# Thread: Does water contain calories?

1. I've heard that unless water is at -470 degrees F (roughly), it actually does contain a small amount of calories because of the heat in the water. Does anyone have any comments on this? Is it right or just something I heard? I'd really appreciate any feedback I can get. Thanks.

2.

3. You have to be more specific about your phrase "contain calories."

It means something different to the food scientists or nutritionists than it does to physicists or anyone else who is not concerned about gaining weight.

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4. It would contain a higher kinetic energy(so therefore higher joules/calories) the higher the temperature, but the human body wouldn't be able to utilize that through the stomach.

5. ................. I think your friend is making the assumption that an energy value given in calories implies food.

6. I bring this up because a discussion I had with my teacher who said exactly that. I know food calories are measured in kcal so perhaps I misunderstood him. However, it seems like a correct assumption. Thanks for the feedback.

7. If you drink cold water then expel it at a higher temperature, it will absorb some heat that will be replaced by burning food calories. In that way, there is some equivalence. But that only amounts to one food calorie (kcal) per kilogram per degree centigrade of temperature change.

8. If you think about it though its not an entire wast of time: If you drink 5 litres of ice cold water a day and your body has to raise it 20 oC each time. Thats 100 kcals and there will surely be inefficiencies in the process. That amounts to about a bag of Maltesers doesnt it?

9. "calorie" is a measurement of energy. In a biochemist point of view it is the amount of energy in a molecule that can be utilized when a particular molecule is fully catabolized. There are no mechanisms in the human body to catabolize H2O. So in that sense, it doesn't contain any utilizable calories.

10. Originally Posted by GhostofMaxwell
If you think about it though its not an entire wast of time: If you drink 5 litres of ice cold water a day and your body has to raise it 20 oC each time. Thats 100 kcals and there will surely be inefficiencies in the process. That amounts to about a bag of Maltesers doesnt it?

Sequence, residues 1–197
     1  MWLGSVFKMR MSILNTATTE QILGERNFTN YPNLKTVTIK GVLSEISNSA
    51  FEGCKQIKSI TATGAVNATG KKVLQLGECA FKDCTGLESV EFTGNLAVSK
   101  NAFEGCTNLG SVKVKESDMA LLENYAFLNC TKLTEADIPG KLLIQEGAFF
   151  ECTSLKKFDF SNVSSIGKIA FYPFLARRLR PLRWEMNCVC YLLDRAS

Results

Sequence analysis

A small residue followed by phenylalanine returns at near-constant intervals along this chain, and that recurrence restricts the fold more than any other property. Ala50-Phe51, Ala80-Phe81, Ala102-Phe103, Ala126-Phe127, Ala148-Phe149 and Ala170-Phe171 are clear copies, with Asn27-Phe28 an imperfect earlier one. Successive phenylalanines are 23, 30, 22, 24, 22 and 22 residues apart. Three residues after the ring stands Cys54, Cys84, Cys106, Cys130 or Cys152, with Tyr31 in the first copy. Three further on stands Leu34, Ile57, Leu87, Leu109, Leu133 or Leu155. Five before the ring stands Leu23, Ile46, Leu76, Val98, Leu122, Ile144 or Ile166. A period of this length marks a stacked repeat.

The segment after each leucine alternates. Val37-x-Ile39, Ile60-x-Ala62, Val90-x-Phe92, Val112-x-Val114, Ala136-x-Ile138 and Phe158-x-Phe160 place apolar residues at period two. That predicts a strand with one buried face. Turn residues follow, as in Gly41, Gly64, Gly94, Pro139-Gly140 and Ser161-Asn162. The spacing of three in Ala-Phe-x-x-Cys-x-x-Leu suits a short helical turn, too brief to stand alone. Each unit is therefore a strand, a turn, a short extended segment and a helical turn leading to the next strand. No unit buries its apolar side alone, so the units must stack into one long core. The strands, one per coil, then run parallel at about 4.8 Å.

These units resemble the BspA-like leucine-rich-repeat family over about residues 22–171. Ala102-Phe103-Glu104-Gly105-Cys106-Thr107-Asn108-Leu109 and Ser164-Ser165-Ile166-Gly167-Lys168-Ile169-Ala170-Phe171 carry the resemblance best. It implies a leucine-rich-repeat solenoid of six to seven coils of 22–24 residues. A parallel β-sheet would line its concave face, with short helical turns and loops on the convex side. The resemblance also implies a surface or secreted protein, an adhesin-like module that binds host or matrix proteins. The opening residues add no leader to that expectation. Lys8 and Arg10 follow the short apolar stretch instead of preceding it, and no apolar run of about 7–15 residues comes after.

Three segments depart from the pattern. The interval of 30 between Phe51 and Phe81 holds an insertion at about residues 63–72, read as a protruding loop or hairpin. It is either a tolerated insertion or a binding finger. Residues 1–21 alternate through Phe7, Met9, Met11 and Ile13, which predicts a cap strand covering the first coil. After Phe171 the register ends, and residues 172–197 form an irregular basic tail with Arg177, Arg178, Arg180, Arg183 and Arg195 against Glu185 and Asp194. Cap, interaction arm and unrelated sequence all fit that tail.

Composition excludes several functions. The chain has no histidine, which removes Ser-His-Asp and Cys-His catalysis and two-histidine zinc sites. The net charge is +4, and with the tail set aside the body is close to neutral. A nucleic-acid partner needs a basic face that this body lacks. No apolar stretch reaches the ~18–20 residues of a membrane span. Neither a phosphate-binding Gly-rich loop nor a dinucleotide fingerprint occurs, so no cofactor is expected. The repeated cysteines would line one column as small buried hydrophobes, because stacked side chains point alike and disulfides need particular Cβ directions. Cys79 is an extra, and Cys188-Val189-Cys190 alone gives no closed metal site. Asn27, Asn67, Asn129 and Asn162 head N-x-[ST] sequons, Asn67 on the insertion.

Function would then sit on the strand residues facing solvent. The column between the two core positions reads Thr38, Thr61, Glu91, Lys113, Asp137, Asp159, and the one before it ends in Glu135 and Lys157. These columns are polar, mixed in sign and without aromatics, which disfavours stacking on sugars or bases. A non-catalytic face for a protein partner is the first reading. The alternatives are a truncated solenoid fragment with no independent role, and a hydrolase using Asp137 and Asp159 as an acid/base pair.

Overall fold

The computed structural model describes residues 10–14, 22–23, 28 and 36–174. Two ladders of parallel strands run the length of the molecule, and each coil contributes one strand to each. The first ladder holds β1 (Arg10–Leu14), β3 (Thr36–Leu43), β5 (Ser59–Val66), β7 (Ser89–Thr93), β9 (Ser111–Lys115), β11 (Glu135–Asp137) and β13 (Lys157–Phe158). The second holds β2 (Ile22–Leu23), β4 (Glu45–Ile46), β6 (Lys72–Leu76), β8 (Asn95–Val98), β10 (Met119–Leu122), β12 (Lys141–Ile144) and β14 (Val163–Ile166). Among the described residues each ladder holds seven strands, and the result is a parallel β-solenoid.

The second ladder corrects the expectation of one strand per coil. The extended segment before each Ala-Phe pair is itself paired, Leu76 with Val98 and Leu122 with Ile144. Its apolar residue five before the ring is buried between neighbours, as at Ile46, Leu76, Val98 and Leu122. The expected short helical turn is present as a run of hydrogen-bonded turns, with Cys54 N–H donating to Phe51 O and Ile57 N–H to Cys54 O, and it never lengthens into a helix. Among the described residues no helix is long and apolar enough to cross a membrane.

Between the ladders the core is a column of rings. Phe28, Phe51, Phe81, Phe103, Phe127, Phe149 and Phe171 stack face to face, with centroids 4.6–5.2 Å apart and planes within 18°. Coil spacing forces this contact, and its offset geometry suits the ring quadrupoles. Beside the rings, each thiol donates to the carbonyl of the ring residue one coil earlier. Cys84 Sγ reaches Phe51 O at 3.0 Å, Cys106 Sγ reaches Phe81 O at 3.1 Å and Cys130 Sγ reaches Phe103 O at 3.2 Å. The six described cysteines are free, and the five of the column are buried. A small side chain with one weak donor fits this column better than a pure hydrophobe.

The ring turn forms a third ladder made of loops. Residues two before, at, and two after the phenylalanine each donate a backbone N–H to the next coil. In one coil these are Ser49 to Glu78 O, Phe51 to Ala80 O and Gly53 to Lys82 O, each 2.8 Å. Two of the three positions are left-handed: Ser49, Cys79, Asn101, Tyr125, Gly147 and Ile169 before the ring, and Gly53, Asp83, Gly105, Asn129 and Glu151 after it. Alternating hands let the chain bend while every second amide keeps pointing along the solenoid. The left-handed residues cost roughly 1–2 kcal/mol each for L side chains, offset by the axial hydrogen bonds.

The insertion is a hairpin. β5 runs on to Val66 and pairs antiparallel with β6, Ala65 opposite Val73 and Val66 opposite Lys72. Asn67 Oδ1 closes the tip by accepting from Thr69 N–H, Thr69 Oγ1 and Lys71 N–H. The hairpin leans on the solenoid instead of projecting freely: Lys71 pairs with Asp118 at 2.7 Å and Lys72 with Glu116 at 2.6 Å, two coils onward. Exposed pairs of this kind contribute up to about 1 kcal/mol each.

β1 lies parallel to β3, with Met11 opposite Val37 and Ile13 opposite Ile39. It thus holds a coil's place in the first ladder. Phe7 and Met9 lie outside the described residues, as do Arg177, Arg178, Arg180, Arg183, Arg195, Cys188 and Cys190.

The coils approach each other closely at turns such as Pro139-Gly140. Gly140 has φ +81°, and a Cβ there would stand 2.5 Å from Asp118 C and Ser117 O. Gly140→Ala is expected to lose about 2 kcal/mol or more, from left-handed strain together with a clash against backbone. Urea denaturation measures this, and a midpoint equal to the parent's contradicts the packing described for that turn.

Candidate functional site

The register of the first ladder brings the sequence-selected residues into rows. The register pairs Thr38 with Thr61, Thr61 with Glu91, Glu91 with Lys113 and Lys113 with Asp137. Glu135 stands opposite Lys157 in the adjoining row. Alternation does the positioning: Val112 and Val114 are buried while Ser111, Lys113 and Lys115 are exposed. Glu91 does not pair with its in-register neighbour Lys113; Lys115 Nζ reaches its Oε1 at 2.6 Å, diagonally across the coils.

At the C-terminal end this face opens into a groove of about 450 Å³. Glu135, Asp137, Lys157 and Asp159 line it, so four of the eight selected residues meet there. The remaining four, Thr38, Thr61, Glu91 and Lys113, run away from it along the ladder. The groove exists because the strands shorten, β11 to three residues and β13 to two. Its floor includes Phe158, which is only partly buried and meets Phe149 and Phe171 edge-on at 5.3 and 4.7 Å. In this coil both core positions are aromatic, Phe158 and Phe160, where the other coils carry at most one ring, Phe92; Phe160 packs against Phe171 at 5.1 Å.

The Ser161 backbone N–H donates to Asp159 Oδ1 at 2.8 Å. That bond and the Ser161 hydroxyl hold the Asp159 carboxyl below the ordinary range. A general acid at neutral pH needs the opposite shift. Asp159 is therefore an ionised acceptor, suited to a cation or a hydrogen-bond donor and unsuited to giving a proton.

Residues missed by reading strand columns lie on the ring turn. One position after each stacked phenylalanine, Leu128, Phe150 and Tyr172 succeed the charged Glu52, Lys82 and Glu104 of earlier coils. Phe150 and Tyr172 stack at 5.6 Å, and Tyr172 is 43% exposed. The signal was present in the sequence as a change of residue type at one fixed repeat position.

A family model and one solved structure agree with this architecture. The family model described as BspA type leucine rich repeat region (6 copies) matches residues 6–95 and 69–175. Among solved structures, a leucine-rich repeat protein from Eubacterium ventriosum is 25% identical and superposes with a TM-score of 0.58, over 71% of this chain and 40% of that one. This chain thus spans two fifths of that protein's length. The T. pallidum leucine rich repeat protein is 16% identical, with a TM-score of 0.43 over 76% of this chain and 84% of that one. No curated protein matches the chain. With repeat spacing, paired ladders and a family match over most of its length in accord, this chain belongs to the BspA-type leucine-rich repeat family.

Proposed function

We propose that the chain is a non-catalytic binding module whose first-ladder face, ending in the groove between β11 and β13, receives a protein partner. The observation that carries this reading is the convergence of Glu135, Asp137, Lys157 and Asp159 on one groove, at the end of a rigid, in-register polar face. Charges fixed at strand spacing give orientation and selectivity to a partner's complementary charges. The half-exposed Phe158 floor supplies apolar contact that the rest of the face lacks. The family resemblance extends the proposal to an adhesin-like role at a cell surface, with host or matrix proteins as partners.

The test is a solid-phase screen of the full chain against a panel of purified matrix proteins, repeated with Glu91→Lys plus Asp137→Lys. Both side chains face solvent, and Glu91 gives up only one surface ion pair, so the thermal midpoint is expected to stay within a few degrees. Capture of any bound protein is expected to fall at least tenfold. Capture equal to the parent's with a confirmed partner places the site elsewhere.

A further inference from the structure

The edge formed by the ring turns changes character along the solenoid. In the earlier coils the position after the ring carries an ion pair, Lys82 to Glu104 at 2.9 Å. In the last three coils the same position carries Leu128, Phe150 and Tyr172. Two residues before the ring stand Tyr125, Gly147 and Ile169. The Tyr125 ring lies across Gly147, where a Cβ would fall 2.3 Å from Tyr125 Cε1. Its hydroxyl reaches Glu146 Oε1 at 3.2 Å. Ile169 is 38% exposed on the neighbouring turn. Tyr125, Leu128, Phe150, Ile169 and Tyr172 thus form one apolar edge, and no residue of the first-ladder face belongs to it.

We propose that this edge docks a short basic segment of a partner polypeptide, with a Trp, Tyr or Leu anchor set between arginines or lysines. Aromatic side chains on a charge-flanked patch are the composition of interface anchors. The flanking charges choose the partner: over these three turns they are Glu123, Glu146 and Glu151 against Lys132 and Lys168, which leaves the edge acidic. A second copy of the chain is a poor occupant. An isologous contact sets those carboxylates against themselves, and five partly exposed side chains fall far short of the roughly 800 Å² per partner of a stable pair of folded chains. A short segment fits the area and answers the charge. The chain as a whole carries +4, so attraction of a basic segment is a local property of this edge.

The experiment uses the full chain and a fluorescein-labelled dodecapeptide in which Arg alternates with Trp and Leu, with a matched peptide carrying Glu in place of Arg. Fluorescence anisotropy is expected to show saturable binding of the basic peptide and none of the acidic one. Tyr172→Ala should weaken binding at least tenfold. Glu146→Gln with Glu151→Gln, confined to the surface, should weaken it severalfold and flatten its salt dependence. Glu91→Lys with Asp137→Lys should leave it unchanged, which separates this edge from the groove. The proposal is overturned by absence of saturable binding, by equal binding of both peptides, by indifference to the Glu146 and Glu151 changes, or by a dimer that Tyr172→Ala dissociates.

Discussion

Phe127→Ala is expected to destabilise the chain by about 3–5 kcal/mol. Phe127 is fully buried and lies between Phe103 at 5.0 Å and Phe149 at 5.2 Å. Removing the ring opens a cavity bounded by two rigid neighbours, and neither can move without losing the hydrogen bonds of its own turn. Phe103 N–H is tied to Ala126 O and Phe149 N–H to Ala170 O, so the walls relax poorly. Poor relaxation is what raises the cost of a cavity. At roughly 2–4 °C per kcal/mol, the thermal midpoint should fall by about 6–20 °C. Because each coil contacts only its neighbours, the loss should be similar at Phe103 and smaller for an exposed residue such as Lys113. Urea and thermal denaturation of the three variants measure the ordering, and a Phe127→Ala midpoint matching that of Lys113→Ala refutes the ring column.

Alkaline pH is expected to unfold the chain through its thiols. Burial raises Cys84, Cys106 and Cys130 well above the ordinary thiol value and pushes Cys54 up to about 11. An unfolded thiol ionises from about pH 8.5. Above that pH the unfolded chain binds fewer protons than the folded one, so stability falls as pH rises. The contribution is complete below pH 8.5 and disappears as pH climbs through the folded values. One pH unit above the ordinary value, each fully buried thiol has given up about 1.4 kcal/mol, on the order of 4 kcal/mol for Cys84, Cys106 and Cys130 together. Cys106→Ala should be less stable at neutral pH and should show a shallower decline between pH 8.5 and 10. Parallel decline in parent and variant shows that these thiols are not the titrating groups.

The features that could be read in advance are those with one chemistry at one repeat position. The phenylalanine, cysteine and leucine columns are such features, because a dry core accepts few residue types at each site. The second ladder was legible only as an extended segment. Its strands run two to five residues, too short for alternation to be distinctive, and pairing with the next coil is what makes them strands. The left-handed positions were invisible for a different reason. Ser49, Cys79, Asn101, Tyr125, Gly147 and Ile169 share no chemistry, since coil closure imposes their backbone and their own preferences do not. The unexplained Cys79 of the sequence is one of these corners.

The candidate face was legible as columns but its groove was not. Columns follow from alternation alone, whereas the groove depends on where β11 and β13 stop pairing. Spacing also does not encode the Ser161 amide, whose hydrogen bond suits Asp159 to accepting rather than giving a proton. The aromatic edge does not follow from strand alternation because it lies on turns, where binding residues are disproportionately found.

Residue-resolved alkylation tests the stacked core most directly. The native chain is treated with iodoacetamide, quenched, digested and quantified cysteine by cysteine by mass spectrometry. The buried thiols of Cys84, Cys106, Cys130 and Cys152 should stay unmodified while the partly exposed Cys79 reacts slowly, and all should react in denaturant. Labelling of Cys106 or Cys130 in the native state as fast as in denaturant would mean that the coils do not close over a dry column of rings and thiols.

I think you're mixing up a joule and a calorie. I believe it only works out to be something like 5 kcal/liter of water.

11. Originally Posted by Scifor Refugee
Originally Posted by GhostofMaxwell
If you think about it though its not an entire wast of time: If you drink 5 litres of ice cold water a day and your body has to raise it 20 oC each time. Thats 100 kcals and there will surely be inefficiencies in the process. That amounts to about a bag of Maltesers doesnt it?
I think you're mixing up a joule and a calorie. I believe it only works out to be something like 5 kcal/liter of water.
No!
1 cal raises a millilitre 1 oC
1kcal raises a litre of water 1oC
x20 =20 kcal for 20o raise
x5=100kcal for 5 litres

12. Definitions from Wikipedia:
# The small calorie or gram calorie approximates the energy needed to increase the temperature of 1 gram of water by 1 Â°C. This is about 4.184 joules.
# The large calorie or kilogram calorie approximates the energy needed to increase the temperature of 1 kg of water by 1 Â°C. This is about 4.184 kJ, and exactly 1000 small calories.

As GhostofMaxwell says, that's 20 large calories per kg for a 20 degrees C delta T, and 100 per 5 kg. A liter of water is a kilogram.

13. Never mind, I was the one mixing them up.

14. I would think that water contains calories in its bonds, but as someone stated earlier, the body never does anything to break those bonds and use the energy, so when we drink it, it effectively doesn't impart any calories to us.

15. I am pretty sure that we cannot break down water, but in our bodies we do synthesize water. Oxygen is the final hydrogen acceptor in the electron transport chain during cell respiration. I pretty much agree we don't gain any coloric value from water, it actually may cause a coloric deficit in that we rarely drink anything that is 98.6? farenheit. Also I have to point out that a calorie is measured by how much a mL of water temperature raises while something is burned. Though hypothetically how much energy could we take from water if we did have the mechanism to break it down?

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